The most important thing when exercising is the right motivation. Thanks to it we go for a run on a cold winter morning instead of sleeping in, or after work we go to the gym instead of going home. Sometimes characters from books and movies can inspire athletic performance. We have compiled the top 5 books for motivation, after which you won’t want to skip a workout.
Open: An Autobiography, Andre Agassi
What’s cool about the book: It’s a real adventure. There are no preambles, no long digressions, and no cheesy phrases: Andre hits the gas and races to the finish line in fifth gear. He writes as he played – with heart, variety, power, talent:
– about the despotic father who invented the tennis gun “dragon” and pissed him off with his nagging;
– about forbidden pills, rivers of whiskey and tequila, stopped only by the iron will of Steffi Graf;
– about denim shorts as a challenge of the era;
– about the giveaway game with Chang and the dislike of Sampras;
– the romance/sex with actresses;
– and, of course, the bald head he hid under a bandana.
Wheelmen: Lance Armstrong, the Tour de France, and the Greatest Sports Conspiracy Ever, Reed Albergotti, Vanessa O’Connell, Santino Fontana
What’s cool about the book: Doping is sneaky, dishonest and dirty, but even it has a romantic story with spy disguises, secret flights between Europe and the US, oxygenated blood transfusions in a bus right on the Tour De France and cheating doping officers.
A book about the most successful (already unofficially) cyclist of our time, Lance Armstrong, is a sports “Crime and Punishment” where the smart, calculating, money and fame-protected Raskolnikov (Lance Armstrong) tries to beat the investigators and the world anti-doping system. After reading this, you’ll want three things: to get on your bike immediately, take up triathlons, and review Lance’s interview with Oprah Winfrey. That’s a great plan for the summer!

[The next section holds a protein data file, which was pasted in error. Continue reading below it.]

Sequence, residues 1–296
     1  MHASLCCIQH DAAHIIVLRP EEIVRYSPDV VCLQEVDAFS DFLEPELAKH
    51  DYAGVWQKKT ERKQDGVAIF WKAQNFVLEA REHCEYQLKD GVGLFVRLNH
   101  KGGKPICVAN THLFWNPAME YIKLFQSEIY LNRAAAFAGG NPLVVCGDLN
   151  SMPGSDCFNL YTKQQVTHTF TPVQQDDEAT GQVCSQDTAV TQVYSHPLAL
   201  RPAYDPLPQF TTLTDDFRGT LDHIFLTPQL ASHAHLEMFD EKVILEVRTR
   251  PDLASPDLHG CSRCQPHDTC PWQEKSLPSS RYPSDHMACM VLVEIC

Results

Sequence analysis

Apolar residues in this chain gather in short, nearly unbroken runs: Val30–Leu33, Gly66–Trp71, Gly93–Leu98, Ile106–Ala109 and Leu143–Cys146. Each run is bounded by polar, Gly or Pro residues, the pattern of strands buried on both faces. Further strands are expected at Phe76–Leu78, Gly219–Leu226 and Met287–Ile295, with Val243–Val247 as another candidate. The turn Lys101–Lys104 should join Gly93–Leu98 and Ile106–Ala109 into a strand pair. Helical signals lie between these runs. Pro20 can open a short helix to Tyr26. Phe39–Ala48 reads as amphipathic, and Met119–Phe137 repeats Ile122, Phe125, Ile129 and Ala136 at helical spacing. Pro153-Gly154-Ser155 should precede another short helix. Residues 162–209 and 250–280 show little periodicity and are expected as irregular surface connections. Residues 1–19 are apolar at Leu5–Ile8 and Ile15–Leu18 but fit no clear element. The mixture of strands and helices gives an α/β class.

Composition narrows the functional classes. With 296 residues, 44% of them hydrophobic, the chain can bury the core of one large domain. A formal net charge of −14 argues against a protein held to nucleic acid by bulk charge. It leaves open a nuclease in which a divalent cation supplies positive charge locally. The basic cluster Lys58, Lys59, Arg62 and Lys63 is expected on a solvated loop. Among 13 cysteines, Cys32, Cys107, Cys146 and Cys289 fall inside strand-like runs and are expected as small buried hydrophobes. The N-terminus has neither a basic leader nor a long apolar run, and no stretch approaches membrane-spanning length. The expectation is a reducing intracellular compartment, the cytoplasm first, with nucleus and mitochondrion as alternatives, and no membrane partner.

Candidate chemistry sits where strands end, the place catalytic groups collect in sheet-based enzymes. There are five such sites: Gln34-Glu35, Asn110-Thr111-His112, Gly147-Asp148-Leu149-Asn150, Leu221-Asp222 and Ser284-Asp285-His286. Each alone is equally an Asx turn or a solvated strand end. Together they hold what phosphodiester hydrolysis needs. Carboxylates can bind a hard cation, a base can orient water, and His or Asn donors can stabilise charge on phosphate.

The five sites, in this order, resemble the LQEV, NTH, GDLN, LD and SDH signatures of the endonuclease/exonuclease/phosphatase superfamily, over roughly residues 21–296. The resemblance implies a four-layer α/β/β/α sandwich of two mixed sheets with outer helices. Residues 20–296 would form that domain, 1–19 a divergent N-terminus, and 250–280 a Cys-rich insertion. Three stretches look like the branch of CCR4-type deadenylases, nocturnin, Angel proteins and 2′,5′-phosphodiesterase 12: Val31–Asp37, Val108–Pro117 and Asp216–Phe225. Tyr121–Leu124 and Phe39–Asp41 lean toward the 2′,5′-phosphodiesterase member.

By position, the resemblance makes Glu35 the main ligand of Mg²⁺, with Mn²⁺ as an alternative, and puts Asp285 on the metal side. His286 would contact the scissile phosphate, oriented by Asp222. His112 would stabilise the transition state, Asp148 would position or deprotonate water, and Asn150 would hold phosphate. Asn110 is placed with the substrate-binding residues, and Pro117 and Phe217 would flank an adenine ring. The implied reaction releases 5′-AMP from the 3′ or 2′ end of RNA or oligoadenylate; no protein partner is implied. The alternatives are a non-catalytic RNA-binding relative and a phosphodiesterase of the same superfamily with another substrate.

The Long Walk, Stephen King
What’s cool about the book: King has been called the king of horror, but he’s actually just a king and knows how to tell great stories, even if he doesn’t scare the reader half to death. “The Long Walk” is a dystopia about a totalitarian state where, for the people’s amusement, someone’s inflamed mind has invented an annual and rather savage walking contest — a survival contest. Young kids from all over the country participate, and the prize is the fulfillment of the winner’s every wish.
It’s a powerful and very sad mix of determination, heroes’ self-belief, despair, and hopelessness (as strange as that sounds when applied to a book about walkers). It’s a book for when your vacation is too civilized.
What We Think About When We Think About Soccer, Simon Critchley
What’s cool about the book: English philosopher, author of a couple dozen books with hard-to-digest titles, David Bowie biographer, debater with Slavoj Žižek, Liverpool fan–Football literature has been waiting for just such a man to look at the simplest and most popular game on the planet, armed with the widest possible lens. Soccer is very often undeservedly marginalized, trying to portray it as a dubious minority hobby, but Critchley successfully counteracts this by linking the game to everyday life–he views soccer as a performance, soccer as a collective unconscious, a manifestation of intelligence and stupidity simultaneously.
In short, if you’ve ever not just yelled at the TV, but also thought about something along the lines of “why do I root so selflessly for this particular doomed club” or “all my failures in relationships are due to my acting like Cristiano Ronaldo,” this book is for you.
The Undoing Project: A Friendship That Changed Our Minds, Michael Lewis
What’s cool about the book: Everyone praises Lewis for Moneyball and demands a sequel. This book comes as close to that status as possible (although it is technically completely self-contained). In my opinion, it is even stronger. Michael learned that many of the reasons for the underestimation of players written about in Moneyball have long been studied in great detail in the works of Daniel Kahneman (a Nobel Prize-winning psychologist in economics) and Amos Tversky. He tells their story and through them finds new ways to use numbers effectively in sports.